Last month, the grade 5 class at my school was doing a unit on natural disasters. I offered to make an earthquake simulator, so the students could build and test earthquake-proof structures. In our original plan, the students would use wood sticks and play-dough, but I think it became a homework assignment, and as a result the students were encouraged to use whichever materials they wished.
The earthquake table is simple in design. It is a cafeteria tray with holes drilled into the corners, suspended from a frame using small springs. In this case, I used a cart, but I think I’ll flip a table upside-down next time to make it a bit more stable. I use a hand drill to move the table. A ribbon is tied to the table, and loops around a custom-made drill bit. The drill bit has two axes, offset by about two centimeters. This provides an oscillation to the table, with the direction of the motion (ie: s- and p-waves) depending on where I hold the drill.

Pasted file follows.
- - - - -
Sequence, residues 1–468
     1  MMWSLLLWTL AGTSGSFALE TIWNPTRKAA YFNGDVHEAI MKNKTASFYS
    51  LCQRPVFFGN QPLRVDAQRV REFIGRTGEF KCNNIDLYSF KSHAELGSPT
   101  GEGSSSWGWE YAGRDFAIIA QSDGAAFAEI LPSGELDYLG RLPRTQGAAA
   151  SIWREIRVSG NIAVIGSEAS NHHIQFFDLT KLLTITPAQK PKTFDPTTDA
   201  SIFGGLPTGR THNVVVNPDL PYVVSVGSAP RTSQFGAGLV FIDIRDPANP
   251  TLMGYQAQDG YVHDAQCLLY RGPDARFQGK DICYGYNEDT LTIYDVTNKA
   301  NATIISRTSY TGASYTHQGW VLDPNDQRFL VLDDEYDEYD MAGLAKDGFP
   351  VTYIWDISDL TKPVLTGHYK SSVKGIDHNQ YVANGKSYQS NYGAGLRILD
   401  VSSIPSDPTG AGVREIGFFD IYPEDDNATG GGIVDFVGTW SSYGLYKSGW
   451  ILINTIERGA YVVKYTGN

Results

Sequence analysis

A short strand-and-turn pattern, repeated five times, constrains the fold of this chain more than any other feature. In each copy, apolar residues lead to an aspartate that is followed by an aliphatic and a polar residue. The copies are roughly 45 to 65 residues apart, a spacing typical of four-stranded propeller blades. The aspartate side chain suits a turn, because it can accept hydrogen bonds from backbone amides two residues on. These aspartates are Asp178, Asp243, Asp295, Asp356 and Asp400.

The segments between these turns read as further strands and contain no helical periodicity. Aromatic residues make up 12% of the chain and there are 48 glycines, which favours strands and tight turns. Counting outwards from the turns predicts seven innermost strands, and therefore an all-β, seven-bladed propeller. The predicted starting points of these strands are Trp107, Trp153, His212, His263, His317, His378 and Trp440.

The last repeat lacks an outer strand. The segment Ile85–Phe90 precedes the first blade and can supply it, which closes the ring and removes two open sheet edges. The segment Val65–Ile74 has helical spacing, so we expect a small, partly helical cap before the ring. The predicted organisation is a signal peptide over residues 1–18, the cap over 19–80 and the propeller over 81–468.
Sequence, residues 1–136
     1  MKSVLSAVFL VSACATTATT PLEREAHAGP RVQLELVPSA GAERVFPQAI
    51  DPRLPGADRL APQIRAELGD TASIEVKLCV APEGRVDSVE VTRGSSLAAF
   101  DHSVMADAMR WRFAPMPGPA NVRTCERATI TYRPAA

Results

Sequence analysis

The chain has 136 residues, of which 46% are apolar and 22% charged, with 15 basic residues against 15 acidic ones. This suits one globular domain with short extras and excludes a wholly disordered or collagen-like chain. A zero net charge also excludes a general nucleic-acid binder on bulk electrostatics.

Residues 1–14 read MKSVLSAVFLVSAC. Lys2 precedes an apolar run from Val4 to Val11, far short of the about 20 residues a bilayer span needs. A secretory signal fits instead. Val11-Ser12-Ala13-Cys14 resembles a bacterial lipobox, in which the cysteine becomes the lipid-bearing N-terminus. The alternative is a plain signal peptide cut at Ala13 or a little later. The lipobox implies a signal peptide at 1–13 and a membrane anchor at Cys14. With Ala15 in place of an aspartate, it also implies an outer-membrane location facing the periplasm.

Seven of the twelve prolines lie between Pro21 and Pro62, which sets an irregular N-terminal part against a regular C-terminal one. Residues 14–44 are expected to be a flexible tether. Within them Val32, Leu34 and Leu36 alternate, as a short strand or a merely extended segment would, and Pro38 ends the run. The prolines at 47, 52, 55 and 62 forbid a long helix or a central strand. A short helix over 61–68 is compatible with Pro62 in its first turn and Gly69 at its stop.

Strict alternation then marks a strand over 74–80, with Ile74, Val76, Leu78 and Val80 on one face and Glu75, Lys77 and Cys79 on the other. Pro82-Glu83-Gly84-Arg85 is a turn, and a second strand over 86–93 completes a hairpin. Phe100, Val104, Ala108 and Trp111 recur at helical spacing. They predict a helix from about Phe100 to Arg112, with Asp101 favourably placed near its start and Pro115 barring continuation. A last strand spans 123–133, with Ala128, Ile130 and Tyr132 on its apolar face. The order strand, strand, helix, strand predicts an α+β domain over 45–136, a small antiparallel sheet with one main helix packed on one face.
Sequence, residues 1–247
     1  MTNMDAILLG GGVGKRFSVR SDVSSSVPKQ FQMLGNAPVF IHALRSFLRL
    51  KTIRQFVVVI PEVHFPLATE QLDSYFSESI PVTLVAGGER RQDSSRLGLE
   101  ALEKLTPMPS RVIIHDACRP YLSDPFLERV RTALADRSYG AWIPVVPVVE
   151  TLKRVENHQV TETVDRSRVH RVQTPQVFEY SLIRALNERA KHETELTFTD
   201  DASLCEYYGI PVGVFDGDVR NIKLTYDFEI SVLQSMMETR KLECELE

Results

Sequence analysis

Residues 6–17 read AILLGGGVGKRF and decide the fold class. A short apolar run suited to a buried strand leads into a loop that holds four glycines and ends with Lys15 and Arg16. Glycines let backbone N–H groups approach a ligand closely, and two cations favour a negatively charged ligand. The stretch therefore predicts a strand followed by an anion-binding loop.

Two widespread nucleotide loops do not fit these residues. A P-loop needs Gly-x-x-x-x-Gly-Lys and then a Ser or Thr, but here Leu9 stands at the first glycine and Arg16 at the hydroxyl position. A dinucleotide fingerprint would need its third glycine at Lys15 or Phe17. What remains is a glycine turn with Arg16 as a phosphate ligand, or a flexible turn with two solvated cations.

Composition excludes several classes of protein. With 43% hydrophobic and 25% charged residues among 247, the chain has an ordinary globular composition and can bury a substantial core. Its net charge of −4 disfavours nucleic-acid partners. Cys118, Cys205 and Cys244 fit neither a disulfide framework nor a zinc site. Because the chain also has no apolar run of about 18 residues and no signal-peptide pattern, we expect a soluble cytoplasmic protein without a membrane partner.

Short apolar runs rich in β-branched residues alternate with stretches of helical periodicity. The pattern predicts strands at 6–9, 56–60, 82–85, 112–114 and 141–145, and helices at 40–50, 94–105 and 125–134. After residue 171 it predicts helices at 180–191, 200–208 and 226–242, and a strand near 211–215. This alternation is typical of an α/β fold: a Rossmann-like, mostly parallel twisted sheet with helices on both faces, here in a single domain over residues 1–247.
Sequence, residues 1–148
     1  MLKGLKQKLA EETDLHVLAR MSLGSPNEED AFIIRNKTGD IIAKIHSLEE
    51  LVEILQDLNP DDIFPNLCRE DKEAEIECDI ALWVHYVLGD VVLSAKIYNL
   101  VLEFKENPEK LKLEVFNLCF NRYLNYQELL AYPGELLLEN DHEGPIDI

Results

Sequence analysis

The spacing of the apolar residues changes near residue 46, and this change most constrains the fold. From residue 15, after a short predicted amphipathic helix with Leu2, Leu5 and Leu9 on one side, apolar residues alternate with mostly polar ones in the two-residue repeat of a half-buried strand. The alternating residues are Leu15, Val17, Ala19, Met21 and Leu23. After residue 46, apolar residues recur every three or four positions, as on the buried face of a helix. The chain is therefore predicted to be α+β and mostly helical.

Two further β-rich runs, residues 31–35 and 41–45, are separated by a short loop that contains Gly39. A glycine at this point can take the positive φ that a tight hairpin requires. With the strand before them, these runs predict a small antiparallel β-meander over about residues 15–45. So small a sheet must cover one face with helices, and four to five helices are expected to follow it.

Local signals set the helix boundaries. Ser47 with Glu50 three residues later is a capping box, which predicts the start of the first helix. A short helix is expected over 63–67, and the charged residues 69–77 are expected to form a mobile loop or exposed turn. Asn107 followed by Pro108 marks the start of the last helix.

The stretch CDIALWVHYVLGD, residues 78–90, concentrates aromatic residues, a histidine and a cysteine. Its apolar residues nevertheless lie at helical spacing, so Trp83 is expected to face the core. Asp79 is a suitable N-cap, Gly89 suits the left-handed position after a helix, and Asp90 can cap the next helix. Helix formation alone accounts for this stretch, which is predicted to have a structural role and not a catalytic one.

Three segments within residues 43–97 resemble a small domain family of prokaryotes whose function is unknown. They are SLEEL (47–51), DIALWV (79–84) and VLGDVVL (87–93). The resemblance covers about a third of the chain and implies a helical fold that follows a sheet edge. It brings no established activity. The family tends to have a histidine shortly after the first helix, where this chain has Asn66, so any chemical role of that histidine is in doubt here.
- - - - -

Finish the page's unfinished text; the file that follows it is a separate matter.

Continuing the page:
An improvement would be to make a mount for the drill. I found it shaking in my hand, and so it was tough to ensure the vibration went undamped into the system. The variable speed of the drill made it a bit tricky to find the resonances, too.